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Ovid (2709)

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Stuff with the Perl Foundation. A couple of patches in the Perl core. A few CPAN modules. That about sums it up.

Journal of Ovid (2709)

Thursday May 30, 2002
02:50 PM

COBOLScript versus Perl

[ #5316 ]

Kind of an interesting fiasco. I checked my email yesterday only to find a ton of messages for the COBOLScript mailing list. It seems that the company in question apparently signed up everyone who had ever contacted to their mailing list. Most of the messages were for people wanting off the list.

So, how did I get on the list? When I first learned about COBOLScript, I checked their site and they had some sample applications. Since I used to be a COBOL programmer and I now do Web programming, it was a relatively easy task for me to analyze their code.

It's pitiful.

One thing that is relatively difficult to do with COBOL is dynamically manage text. It's simply not designed for that. Since the Web is primarily text, this is a pitiful mismatch between language and problem space. I sent them email (which I assume is how they got my address) about some of the problems with their applications. They never responded. They never fixed their online demos. Naturally, I felt that a more direct approach was called for, so I hacked their scripts. I sent them email, again, telling them the problem and how to fix it. After a while, they got around to fixing the online demo I was messing with, but didn't bother to fix any of their other online demos.

Since they signed me up to their mailing list without my permission, I went ahead and sent the list a long email detailing the hack and why COBOL is such a rotten choice for Web programming. Oddly, it appears that my email never made it to the list. In fact, it seems that the list is shut down.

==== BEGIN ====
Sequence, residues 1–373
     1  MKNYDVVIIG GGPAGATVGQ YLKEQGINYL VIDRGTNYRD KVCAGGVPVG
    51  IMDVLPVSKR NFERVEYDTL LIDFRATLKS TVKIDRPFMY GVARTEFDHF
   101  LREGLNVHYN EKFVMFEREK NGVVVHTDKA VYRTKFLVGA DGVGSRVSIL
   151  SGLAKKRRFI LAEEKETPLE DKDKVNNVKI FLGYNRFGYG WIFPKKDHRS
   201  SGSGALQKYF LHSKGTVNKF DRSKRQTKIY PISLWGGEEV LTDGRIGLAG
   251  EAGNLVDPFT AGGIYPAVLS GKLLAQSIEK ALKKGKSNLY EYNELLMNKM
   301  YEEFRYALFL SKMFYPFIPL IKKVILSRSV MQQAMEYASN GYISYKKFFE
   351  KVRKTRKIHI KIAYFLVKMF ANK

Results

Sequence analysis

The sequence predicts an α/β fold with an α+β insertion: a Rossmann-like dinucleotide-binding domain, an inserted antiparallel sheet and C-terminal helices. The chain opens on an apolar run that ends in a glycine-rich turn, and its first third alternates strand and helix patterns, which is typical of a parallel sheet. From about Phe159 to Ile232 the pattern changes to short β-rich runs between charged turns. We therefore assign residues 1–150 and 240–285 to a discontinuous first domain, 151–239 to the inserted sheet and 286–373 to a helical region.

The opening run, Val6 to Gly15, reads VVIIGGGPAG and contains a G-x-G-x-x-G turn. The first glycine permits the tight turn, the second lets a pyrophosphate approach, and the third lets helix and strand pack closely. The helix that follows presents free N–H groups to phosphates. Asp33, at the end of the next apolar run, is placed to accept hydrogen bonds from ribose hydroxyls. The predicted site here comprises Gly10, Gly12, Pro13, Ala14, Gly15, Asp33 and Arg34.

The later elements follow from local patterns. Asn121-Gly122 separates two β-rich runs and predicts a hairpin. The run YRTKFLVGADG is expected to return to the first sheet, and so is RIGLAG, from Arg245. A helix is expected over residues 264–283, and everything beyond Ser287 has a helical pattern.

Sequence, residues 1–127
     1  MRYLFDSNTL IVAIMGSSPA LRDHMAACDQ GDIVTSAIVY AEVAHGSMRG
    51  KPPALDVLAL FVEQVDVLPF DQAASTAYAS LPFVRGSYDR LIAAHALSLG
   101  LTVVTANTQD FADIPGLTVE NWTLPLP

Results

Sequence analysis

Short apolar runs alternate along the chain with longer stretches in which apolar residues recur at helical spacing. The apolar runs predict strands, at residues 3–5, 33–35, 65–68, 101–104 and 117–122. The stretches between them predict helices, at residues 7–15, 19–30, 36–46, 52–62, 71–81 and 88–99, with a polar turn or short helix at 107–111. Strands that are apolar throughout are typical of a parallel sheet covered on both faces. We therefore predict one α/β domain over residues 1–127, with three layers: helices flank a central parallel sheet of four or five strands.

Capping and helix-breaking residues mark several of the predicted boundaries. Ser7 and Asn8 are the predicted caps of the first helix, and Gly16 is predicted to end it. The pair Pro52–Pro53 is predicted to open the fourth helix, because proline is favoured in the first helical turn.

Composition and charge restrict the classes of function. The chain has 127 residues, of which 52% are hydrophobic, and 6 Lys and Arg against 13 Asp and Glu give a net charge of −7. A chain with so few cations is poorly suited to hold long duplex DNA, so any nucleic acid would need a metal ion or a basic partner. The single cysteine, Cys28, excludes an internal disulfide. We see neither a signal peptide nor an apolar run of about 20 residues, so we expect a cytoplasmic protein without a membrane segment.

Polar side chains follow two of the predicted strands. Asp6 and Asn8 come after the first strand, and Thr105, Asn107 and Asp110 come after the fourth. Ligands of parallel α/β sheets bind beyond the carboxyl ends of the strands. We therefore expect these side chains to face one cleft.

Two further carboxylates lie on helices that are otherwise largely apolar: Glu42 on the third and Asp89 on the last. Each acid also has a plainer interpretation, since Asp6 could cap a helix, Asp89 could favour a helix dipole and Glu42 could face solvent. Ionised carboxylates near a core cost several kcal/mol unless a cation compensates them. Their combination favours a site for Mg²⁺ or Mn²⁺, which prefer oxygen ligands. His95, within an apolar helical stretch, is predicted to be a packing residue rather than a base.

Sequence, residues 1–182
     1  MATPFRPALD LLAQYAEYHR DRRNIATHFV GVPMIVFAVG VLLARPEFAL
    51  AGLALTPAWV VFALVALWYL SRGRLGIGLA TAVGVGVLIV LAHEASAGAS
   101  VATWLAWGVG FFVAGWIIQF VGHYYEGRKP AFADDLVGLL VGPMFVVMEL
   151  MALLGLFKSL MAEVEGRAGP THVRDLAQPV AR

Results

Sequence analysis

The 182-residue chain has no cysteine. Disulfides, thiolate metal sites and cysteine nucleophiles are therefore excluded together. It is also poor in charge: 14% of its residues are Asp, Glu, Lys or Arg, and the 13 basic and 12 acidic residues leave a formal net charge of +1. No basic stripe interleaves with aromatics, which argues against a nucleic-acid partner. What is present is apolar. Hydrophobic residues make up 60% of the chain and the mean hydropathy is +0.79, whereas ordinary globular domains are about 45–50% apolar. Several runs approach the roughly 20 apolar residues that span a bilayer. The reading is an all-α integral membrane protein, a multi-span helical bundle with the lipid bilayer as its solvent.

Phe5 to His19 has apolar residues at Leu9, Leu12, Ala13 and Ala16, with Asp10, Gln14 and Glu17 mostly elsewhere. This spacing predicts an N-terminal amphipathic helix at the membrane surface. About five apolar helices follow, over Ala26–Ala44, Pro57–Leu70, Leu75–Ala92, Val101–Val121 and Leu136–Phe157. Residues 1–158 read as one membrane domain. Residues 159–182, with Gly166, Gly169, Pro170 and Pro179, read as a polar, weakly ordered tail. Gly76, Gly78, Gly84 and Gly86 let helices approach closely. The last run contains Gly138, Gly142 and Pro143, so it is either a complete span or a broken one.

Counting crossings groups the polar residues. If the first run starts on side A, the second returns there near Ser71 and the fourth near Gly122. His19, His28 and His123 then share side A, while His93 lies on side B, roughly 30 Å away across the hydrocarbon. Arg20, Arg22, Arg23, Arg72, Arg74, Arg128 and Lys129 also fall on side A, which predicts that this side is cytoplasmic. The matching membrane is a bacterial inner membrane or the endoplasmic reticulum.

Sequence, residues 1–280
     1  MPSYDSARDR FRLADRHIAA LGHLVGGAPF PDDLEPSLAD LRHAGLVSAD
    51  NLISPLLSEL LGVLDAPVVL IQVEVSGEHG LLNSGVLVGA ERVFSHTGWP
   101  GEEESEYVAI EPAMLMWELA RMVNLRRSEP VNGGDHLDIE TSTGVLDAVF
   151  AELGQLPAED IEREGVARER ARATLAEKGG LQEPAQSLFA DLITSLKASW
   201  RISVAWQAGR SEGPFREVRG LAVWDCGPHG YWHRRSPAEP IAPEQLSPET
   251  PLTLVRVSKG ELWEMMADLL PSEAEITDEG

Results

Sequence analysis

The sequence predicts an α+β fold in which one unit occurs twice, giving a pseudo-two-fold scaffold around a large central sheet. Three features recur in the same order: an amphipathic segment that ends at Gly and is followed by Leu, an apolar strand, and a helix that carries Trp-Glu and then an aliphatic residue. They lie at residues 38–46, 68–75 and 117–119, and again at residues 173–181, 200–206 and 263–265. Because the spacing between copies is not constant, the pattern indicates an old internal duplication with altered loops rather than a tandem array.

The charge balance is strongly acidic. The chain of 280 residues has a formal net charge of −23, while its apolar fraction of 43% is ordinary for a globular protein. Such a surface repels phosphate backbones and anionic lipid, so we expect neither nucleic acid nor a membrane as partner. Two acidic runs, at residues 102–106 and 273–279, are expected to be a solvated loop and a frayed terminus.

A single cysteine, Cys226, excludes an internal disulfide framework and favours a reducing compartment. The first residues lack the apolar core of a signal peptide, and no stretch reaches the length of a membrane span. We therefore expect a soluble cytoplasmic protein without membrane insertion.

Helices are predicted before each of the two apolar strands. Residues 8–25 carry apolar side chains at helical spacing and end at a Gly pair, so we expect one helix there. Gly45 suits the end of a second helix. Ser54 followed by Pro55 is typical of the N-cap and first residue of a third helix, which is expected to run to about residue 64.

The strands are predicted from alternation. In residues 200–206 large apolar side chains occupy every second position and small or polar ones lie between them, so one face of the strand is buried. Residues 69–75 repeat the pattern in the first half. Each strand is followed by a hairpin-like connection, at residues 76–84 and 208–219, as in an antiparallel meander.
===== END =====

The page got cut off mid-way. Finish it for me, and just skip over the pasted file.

Choice quotes from their faq (emphasis mine):

In the case of Perl in particular, the language designers openly touted the esotericism of the language with code obfuscation contests in their official Developer's Journal. Clearly, something here was wrong.

And later:

Your development teams will adapt quickly to CobolScript development without the prohibitive training expenses or effort required with languages like Java® or Perl.

As you can see, marketroids had fun writing this.

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  • I mentally translate "Easy to use without training" as meaning "we've made big buttons for the easy things and have made everything else impossible. Or at least well hidden." That means I snicker a lot at people who say, "Windows can be just as secure as Unix, if you know how to configure it properly."

  • So... what's COBOL like? I've tried skimming a book and tutorial or two on it, but somehow the syntax is too alien to me (not "Algol-like" as they used to say), and is sort of just washed over me. I just couldn't make sense of it.
    • COBOL was revolutionary for its time. If memory serves me correctly, it was an initiative, supported by the US military (though not a US military initiative, despite common misperception), to develop a common language. At the time different computers, if they had a high-level language, had a proprietary one. Several different computer manufacturers and government agencies collaborated on a two-step program (pun not intended) to create a common programming language for businesses. An interim language was